Gee: I don’t wanna interrupt. The reason why is because together as a writing team, we’re phenomenal. All of those songs, 95% of those sings, we wrote most of those songs together. And those songs are a reflection of who we were and what we felt what was going on at the time.
So to bring it into the now and us living in these times, I believe we would still do the same thing.
Mike: In today’s lyrical climate…
Gee: I think we’d do the same.
Mike: I think we could still survive because we would never come from a misogynistic point of view. We would never advocate violence.
Tavis: There go your sales [laugh]. So I’m asking, how you gonna sell a record [laugh]?
Mike: Because people will always want to have a good time.
Gee: If it sounds good and it feels good, they’re gonna do it, man.
Mike: Now this new music, we’re partying still, but there’s more to life than popping bottles and all this. The social relevance, we have to express what’s going on in the world today because this is a crazy world.
Gee: I think we would segue. I think we would because we sound good and we know how to write songs and we know how to put it out there.
Mike: He’s very shy [laugh].
Tavis: He’s a business man [laugh].
Gee: I’m doing my thing.
Tavis: But you have been successful, though, as a businessman.
Gee: Yes, I did.
Tavis: You stepped away from the music and…
Gee: I stepped away and I went into the direct marketing door-to-door sales industry and I was extremely successful. And that actually was my saving grace. It helped me go through the process of whatever happened as a kid.
And that’s actually the foundation of what I got to be able to do what we’re doing now as far as dealing – you know, I learned about business, I learned about, you know, management. I learned these things. And, fortunately, I was able to go through my life. Yeah, we did really well.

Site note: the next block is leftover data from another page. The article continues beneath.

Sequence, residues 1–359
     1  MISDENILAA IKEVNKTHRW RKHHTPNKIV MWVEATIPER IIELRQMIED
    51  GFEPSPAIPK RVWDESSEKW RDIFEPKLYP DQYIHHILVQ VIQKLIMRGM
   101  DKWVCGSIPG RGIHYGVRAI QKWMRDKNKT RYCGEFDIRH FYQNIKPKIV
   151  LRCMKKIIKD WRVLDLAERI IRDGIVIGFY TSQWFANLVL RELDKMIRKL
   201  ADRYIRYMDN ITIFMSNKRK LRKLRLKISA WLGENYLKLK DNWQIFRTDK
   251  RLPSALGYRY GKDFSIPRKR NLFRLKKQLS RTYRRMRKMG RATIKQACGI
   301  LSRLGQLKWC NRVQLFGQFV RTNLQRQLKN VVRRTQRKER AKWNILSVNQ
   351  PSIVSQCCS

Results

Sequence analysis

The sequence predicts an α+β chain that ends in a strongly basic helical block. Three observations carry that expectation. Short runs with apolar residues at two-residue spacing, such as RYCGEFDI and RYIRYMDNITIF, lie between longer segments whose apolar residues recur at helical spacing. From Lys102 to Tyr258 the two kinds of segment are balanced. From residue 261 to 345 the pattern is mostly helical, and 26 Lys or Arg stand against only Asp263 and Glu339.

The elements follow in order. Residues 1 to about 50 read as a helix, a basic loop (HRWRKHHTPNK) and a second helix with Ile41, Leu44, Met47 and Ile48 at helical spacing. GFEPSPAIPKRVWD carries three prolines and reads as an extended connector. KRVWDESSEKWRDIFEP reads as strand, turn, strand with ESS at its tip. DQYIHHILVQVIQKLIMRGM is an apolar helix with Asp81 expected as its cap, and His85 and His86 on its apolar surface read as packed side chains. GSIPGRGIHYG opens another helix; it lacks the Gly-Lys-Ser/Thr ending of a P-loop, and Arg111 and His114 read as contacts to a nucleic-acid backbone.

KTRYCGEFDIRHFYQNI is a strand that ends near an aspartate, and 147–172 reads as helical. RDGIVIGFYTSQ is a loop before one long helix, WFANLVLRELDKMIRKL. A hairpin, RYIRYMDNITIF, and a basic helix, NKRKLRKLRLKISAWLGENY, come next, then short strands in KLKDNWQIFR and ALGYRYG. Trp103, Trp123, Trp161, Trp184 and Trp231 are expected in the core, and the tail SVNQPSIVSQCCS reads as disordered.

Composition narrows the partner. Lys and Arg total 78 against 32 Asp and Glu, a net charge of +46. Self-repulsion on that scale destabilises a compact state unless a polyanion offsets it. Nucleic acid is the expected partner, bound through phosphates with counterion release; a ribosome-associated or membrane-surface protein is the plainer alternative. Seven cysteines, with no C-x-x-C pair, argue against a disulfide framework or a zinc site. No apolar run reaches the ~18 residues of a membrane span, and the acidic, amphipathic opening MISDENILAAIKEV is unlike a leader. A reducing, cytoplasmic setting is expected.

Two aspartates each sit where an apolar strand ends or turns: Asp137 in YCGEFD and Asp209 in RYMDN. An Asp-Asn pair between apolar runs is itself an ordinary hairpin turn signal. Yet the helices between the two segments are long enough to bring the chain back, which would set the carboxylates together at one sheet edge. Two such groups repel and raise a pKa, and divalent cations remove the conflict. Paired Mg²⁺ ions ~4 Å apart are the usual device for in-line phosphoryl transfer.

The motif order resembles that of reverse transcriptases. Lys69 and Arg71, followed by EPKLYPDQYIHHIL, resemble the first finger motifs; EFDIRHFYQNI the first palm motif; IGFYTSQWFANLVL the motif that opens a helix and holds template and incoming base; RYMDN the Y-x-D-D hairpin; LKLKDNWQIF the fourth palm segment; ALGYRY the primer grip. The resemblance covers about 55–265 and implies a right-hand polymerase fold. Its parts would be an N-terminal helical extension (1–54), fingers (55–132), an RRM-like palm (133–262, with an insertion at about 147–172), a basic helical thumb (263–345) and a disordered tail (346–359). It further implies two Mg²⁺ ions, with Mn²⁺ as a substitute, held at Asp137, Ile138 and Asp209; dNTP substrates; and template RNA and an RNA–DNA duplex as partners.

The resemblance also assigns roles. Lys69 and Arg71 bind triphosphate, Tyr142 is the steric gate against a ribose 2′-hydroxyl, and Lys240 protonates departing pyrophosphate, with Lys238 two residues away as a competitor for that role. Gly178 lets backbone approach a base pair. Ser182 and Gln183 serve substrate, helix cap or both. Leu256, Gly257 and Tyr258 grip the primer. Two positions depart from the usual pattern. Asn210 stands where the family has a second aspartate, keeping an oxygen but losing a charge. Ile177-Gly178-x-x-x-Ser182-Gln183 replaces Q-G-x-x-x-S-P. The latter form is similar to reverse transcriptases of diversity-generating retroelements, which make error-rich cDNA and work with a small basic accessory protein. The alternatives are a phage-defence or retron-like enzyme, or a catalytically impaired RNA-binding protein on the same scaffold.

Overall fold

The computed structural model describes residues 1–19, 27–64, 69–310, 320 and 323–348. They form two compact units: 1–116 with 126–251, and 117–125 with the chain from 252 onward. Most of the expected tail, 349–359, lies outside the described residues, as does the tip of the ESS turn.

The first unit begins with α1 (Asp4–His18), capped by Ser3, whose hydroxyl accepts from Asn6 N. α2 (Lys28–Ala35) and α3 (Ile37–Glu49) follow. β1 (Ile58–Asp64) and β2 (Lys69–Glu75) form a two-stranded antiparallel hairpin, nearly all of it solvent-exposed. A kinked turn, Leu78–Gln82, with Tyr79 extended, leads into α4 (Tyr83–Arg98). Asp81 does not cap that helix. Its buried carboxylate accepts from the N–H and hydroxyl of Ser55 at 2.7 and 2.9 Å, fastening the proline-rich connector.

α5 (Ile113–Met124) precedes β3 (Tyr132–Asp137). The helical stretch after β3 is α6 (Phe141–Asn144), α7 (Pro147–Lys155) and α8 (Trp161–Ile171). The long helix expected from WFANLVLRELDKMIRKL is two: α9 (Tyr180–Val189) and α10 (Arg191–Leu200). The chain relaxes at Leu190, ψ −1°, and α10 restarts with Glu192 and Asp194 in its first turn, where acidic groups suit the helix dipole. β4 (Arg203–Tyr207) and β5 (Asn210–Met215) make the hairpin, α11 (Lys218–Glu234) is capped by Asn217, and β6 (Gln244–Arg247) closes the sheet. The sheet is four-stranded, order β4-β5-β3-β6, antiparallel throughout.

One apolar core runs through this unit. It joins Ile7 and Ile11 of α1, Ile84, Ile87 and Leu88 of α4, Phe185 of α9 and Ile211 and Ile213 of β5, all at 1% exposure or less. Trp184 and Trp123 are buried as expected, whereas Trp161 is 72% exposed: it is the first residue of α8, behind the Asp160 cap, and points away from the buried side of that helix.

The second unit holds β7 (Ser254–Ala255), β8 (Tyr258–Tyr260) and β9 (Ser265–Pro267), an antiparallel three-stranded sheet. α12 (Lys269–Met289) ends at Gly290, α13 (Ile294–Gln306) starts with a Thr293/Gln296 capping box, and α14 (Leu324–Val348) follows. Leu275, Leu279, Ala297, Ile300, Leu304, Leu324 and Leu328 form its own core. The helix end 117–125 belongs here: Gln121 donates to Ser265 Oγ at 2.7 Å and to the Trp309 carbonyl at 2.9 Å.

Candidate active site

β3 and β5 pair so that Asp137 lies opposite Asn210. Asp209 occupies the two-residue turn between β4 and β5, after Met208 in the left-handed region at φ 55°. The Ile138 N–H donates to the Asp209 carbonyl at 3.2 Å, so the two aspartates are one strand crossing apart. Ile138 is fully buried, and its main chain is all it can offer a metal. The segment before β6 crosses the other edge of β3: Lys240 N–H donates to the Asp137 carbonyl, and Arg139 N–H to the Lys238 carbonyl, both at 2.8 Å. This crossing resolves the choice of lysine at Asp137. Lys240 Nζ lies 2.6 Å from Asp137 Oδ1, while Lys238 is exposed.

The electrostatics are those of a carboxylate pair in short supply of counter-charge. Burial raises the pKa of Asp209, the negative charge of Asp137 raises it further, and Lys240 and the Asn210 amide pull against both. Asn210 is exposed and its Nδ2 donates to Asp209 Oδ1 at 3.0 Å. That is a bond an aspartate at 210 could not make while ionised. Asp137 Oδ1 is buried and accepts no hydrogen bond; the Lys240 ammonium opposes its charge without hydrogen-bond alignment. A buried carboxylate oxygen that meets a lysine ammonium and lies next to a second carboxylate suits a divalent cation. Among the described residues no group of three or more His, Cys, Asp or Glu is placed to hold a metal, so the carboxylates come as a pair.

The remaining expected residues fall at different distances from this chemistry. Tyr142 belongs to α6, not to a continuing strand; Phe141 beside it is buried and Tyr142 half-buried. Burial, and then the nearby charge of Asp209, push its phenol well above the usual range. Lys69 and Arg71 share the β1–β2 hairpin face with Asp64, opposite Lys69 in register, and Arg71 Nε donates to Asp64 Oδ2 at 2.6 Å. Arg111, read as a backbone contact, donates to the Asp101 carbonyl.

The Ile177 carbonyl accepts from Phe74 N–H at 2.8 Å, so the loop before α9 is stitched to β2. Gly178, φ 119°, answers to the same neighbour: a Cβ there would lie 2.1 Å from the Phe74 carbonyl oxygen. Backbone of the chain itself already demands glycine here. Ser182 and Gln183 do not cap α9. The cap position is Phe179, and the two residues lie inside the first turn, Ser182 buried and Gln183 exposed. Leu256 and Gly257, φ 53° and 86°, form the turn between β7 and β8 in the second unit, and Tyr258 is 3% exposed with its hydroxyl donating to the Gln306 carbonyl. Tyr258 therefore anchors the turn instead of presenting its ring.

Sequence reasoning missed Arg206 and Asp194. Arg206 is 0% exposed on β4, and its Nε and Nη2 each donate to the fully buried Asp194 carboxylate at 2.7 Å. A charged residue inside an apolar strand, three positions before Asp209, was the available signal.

Tavis: Even though you are now – you know, I think of Prince, the artist formerly as, back in the day.
Mike: Yes, exactly.
Tavis: So you guys are formerly, you know, the Sugarhill Gang.
Tavis: But do you get a chance to still get on the mic?
Gee: Do we perform?
Tavis: You’re still doing the…
Gee: Are you kidding, yeah, yeah.
Mike: Still, still. People say, “Do you get tired of performing?” No, because when we, you know, hip-hop or whatever, throw your hands in the air. We hear that love come back.
Gee: Jump on it, you know, any one of the songs.
Mike: You know, that’s what we groove on.
Gee: It’s amazing to see people sing these songs, man.
Mike: And you see it in the dock. It’s little clubs, it’s in the basement playing and it’s in front of 30,000 people in Barcelona outside at a concert. He’s on the drums, I’m on bass, our band is on keyboards. Man, please.
Tavis: I gotta get outta here. I could do this for hours. How does it feel, though, all these years later, all these years later, when you’re on stage and you hit “Rappers Delight” and everybody in the audience knows every word?
Gee: It’s phenomenal, it’s phenomenal.
Tavis: You got a whole crowd just going with you.
Mike: We could turn the mics down and just watch.
Gee: Yeah, really, we could just, you know.
Mike: And they will sing the song.
Tavis: I know they will, yeah.
Gee: And they’ll correct you [laugh]!
Gee: You messed up on that track [laugh]! You know how it goes.
Tavis: I’m glad to have you guys on.
Gee: Thank you, brother.
Tavis: Master Gee, Wonder Mike, glad to have you here, man.
Mike: Tavis, thank you, man.
Tavis: I can say this. They can’t. They’re always Sugarhill Gang to me. Sue me! Sue me for saying it. No, I don’t wanna taunt nobody [laugh]. Anyway, the documentary’s called “I Want My Name Back.”
Mike: You can get it everywhere.
Gee: Amazon, yeah.
Tavis: It’s everywhere. Get it everywhere. Glad to have you on.
Gee: Thanks, man.
Tavis: I wanna see you on the stage. I’m gonna make that happen this summer.
Mike: We’re gonna make sure you come.
Gee: You gotta come out. You’ll have a great time.
Tavis: Love to see you.
Mike: We’ll make sure.
Tavis: Good to see you, man.